Within the central plaza, pairs of bosques of London Plane trees will be planted, flanking the 81st and 83rd Street entrances. By planting the bosques at a 45-degree angle to the street, the resulting lines of the tree trunks will guide pedestrians toward the doorways.
The London Plane trees will be pollarded, a historic pruning technique that allows for maximum sun penetration in the winter to warm the plaza and maximum shade in the summer for cooling. The pollarding also limits the height of the trees so they do not grow to block the view of the imposing façade. Along the base of the building on either side of the central stairway, ornamental beds of mixed shrubs and herbaceous flowers will be planted, referencing plantings seen in early- to mid-20th-century photographs and drawings, including original concepts developed by McKim Mead and White.
The Museum expects that the plantings throughout the plaza will help to soften noise and better retain sounds within it.
In the new plan, the Museum will plant approximately 100 new trees, more than doubling the former number. The 44 London Plane trees previously on the plaza were planted in inadequate soil conditions, which impeded their health and limited their environmental benefits. The Museum transplanted as many trees as were deemed viable for relocation to other areas of the City chosen by the Department of Parks & Recreation. The Museum has also made tree restitution payments to the Parks Department, in conformity with New York City law and the Parks Department’s standard reimbursement formulas to support tree plantings citywide. The new London Plane and linden trees will be planted in large tree pits that collect rainwater run-off and allow for healthy root growth, thereby maximizing their life spans and environmental benefits.
Beneath the bosques, shaded seating will be provided, using lightweight movable chairs that allow users to arrange them as they please. These casual seating areas, which will include 30 tables and 120 chairs, are similar in concept to others installed in public areas around the City, and will offer clear views of the plantings and water features of the plaza, with the activity of Fifth Avenue in the background. Additional benches adjacent to the allées of trees will provide further options for seating with shade provided by a series of cantilevered parasols.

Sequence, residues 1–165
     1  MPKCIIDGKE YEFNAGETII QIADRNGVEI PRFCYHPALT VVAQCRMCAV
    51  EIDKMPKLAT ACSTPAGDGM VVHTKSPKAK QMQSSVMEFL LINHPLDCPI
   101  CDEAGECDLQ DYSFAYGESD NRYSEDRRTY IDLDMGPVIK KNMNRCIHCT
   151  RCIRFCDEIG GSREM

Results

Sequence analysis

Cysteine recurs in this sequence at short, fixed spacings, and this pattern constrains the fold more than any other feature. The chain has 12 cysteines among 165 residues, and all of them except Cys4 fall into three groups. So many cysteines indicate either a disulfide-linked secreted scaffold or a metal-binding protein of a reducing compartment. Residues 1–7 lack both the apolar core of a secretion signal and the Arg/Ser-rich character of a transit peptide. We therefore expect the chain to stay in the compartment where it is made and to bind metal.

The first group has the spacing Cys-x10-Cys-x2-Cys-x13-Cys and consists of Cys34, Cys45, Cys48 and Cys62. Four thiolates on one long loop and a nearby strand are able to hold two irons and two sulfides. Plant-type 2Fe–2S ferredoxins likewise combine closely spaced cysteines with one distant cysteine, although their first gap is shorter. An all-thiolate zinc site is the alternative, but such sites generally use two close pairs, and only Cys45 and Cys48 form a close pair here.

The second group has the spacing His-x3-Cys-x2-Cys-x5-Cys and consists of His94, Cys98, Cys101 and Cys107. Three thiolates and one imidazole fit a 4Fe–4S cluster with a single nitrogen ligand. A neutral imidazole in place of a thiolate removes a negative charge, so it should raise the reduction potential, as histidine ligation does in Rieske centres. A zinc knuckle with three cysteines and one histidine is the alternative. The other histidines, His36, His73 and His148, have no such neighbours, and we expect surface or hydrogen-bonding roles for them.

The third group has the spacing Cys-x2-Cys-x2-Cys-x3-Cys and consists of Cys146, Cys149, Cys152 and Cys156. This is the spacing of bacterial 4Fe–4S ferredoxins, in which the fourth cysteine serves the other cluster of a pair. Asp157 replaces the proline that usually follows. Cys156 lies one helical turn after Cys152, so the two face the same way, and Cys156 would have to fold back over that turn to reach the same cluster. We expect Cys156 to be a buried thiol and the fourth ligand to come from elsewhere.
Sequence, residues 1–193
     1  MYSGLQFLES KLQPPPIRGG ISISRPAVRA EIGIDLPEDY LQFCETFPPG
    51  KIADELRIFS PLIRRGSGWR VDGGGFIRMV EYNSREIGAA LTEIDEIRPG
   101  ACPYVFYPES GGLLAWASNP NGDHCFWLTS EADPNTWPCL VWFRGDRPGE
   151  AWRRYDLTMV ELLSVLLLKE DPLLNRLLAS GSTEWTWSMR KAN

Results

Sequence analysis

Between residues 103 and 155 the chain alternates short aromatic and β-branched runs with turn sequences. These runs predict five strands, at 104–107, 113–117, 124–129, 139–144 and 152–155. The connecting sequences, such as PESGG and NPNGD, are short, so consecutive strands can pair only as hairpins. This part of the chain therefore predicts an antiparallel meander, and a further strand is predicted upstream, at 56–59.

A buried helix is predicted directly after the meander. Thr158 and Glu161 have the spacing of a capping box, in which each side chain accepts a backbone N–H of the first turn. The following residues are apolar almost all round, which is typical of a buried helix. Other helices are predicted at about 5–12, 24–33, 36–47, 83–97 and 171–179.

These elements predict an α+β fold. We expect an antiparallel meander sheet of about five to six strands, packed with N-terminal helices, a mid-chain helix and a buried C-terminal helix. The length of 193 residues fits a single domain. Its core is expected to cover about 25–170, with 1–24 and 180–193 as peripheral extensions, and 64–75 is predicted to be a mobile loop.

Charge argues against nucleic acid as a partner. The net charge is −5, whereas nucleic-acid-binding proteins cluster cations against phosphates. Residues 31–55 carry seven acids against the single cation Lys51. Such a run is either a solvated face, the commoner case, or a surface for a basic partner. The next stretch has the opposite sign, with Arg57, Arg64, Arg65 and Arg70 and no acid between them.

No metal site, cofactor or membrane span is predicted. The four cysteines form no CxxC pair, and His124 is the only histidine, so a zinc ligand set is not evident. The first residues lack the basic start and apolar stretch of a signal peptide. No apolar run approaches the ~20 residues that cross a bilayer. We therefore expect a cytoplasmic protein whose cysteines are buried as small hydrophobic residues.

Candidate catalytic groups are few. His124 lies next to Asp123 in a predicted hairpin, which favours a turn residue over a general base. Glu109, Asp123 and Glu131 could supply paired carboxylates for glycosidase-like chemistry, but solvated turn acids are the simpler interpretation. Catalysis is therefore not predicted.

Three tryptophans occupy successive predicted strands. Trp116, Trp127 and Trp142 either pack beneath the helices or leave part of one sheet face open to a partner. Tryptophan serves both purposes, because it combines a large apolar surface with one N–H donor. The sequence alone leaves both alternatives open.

At the public parking entry at 80th Street, both the booth along the access drive and the landscape plantings will be refurbished to make the entrance more welcoming as well as to provide better conditions for the Noguchi sculpture currently located on a plinth adjacent to the drive. The new booth will be covered in cast concrete siding with an environmentally sustainable sedum green roof, with trees and significant understory plantings added in order to blend it more harmoniously with the overall park landscape and minimize visibility from Fifth Avenue.
The evening ambiance of the Museum plaza will be enhanced by a hierarchy of light on the landscape, water features, grand stairs, and façade. The façade is currently lit unevenly by light poles across the street from the building, on the east side of Fifth Avenue. Current lighting will be removed under the new plan. The new elements, which have been designed by the renowned lighting design practice L’Observatoire International, will form a composition to assist with wayfinding, provide visual interest for passers-by, and ensure safe and secure passage through the plaza at night.